By a News Reporter-Staff News Editor at Life Science Weekly -- Researchers detail new data in Neurons. According to news originating from Ramat Gan, Israel, by NewsRx correspondents, research stated, "Studying the interaction between neuronal cells and chiral molecules is fundamental for the design of novel biomaterials and drugs. Chirality influences all biological processes that involve intermolecular interaction."
Our news journalists obtained a quote from the research from Bar-Ilan University, "One common method used to study cellular interactions with different enantiomeric targets is the use of chiral surfaces. Based on previous studies that demonstrated the importance of cysteine in the nervous system, we studied the effect of L-and D-cysteine on single neuronal growth. L-Cysteine, which normally functions as a neuromodulator or a neuroprotective antioxidant, causes damage at elevated levels, which may occur post trauma. In this study, we grew adult neurons in culture enriched with L-and D-cysteine as free compounds or as self-assembled monolayers of chiral surfaces and examined the effect on the neuronal morphology and adhesion. Notably, we have found that exposure to the L-cysteine enantiomer inhibited, and even prevented, neuronal attachment more severely than exposure to the D-cysteine enantiomer. Atop the L-cysteine surfaces, neuronal growth was reduced and degenerated. Since the cysteine molecules were attached to the surface via the thiol groups, the neuronal membrane was exposed to the molecular chiral site."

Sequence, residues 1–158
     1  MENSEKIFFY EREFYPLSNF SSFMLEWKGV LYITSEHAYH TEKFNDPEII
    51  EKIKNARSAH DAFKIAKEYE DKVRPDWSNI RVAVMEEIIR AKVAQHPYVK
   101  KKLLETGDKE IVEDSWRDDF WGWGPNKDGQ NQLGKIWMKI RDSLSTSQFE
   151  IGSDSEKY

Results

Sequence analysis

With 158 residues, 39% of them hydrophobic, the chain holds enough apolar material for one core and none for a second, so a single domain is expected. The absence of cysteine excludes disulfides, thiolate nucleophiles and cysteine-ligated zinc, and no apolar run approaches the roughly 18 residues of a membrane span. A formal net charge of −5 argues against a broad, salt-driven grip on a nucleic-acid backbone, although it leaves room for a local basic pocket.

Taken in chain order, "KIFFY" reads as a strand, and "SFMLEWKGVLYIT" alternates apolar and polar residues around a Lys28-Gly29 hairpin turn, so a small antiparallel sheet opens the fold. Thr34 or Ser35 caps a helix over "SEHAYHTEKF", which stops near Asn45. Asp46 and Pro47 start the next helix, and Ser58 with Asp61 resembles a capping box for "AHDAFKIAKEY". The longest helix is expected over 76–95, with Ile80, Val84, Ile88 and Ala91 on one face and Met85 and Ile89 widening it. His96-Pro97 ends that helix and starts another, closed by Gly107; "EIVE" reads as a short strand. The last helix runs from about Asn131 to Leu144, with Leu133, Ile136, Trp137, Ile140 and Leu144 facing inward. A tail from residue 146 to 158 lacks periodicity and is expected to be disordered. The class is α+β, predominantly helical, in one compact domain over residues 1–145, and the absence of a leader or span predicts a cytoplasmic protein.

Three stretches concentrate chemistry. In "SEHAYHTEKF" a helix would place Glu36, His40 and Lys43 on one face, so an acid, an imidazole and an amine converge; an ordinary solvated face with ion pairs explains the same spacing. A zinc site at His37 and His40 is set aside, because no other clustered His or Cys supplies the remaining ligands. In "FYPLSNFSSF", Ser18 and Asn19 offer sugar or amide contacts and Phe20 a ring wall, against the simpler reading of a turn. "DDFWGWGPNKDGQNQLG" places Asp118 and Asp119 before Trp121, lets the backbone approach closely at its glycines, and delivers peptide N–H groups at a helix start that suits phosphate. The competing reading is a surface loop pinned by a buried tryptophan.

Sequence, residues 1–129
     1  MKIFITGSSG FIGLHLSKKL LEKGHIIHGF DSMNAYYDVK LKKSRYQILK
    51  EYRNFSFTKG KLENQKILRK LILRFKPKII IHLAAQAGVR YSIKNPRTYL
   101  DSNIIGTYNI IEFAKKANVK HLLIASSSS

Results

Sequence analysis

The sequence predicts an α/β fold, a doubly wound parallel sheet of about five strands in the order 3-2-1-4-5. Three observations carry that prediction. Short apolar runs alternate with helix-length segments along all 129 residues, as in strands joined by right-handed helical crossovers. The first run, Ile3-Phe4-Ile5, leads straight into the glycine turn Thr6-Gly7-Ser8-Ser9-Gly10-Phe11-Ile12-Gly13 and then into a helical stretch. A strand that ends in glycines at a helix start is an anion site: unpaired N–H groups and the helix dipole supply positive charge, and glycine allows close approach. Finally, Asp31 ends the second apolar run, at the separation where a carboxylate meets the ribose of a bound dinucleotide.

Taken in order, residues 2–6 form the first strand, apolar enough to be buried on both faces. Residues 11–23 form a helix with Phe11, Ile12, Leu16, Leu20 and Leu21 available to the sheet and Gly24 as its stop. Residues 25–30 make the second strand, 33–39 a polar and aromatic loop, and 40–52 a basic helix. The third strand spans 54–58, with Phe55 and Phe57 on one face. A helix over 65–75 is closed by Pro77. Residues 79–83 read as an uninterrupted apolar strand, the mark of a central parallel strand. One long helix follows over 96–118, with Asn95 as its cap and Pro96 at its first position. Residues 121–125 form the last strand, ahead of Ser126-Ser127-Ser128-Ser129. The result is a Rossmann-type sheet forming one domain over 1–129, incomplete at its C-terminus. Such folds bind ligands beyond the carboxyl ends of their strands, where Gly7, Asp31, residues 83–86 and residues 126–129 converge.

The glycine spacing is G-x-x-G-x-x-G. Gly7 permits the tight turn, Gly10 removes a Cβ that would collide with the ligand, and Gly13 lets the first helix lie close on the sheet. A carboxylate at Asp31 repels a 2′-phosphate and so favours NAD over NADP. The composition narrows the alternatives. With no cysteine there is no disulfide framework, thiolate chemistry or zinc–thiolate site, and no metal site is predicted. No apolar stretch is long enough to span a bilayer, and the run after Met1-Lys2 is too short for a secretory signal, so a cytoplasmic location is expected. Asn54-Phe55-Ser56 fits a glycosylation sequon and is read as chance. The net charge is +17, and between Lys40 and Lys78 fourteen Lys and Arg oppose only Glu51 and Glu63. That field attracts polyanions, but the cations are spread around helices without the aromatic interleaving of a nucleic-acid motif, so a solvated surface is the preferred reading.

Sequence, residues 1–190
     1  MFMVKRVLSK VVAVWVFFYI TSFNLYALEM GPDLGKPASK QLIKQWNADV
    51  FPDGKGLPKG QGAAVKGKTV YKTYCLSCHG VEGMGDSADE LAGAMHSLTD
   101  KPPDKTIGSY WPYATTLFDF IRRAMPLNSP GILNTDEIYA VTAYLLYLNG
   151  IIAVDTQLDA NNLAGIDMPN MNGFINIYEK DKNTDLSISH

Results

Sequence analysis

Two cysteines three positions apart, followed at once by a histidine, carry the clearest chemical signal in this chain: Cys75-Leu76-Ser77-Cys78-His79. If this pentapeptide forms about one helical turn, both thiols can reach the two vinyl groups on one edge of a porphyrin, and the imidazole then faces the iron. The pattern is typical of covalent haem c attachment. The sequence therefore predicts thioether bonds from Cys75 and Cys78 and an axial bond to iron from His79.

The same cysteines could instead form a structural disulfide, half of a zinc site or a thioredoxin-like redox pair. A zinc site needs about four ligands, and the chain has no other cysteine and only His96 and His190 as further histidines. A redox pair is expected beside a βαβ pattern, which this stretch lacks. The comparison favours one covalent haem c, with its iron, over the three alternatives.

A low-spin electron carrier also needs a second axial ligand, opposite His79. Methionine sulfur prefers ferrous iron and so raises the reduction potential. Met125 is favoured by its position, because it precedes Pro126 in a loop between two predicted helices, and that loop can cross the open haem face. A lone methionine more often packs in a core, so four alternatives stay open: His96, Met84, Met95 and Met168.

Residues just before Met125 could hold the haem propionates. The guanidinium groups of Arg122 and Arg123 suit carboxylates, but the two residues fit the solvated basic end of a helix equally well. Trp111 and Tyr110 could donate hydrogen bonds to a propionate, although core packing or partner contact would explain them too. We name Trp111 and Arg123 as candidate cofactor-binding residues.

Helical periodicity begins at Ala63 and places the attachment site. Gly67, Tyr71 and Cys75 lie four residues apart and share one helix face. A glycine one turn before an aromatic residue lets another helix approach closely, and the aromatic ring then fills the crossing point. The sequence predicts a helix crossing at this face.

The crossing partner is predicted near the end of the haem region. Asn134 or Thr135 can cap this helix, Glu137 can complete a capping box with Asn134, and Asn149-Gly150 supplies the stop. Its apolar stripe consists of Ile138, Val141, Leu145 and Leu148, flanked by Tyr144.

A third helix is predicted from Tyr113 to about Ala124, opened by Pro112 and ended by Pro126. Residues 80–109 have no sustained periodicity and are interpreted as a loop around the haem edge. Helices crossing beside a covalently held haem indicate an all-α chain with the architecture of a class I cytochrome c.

According to the news editors, the research concluded: "Thus, our results have demonstrated high neuronal chiral sensitivity, revealing chiral surfaces as indirect regulators of neuronal cells and providing a reference for studying chiral drugs."
For more information on this research see: Neuronal growth on L- and D-cysteine self-assembled monolayers reveals neuronal chiral sensitivity. Acs Chemical Neuroscience, 2014;5(5):370-6. (American Chemical Society - www.acs.org; Acs Chemical Neuroscience - www.pubs.acs.org/journal/acncdm)
The news correspondents report that additional information may be obtained from K. Baranes, Faculty of Engineering, Dept. of Chemistry, Gonda Multidisciplinary Brain Research Center and ?Bar Ilan Institute of Nanotechnologies and Advanced Materials, Bar Ilan University , 5290002 Ramat Gan, Israel. Additional authors for this research include H. Moshe, N. Alon, S. Schwartz and O. Shefi (see also Neurons).
Keywords for this news article include: Asia, Cells, Israel, Neurons, Ramat Gan.
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